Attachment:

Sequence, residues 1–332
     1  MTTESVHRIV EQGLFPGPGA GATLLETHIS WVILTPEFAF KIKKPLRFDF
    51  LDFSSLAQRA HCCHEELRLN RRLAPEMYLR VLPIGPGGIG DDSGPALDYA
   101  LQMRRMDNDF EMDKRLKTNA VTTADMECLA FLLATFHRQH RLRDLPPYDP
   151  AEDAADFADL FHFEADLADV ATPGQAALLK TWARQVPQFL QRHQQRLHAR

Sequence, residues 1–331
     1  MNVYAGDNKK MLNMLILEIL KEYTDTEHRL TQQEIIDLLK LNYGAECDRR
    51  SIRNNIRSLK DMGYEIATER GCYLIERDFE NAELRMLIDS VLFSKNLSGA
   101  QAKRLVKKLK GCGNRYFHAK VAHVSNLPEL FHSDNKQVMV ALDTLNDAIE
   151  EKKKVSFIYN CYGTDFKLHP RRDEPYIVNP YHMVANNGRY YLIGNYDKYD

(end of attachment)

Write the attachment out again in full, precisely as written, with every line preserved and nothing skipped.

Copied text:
Sequence, residues 1–332
     1  MTTESVHRIV EQGLFPGPGA GATLLETHIS WVILTPEFAF KIKKPLRFDF
    51  LDFSSLAQRA HCCHEELRLN RRLAPEMYLR VLPIGPGGIG DDSGPALDYA
   101  LQMRRMDNDF EMDKRLKTNA VTTADMECLA FLLATFHRQH RLRDLPPYDP
   151  AEDAADFADL FHFEADLADV ATPGQAALLK TWARQVPQFL QRHQQRLHAR

Sequence, residues 1–331
     1  MNVYAGDNKK MLNMLILEIL KEYTDTEHRL TQQEIIDLLK LNYGAECDRR
    51  SIRNNIRSLK DMGYEIATER GCYLIERDFE NAELRMLIDS VLFSKNLSGA
   101  QAKRLVKKLK GCGNRYFHAK VAHVSNLPEL FHSDNKQVMV ALDTLNDAIE
   151  EKKKVSFIYN CYGTDFKLHP RRDEPYIVNP YHMVANNGRY YLIGNYDKYD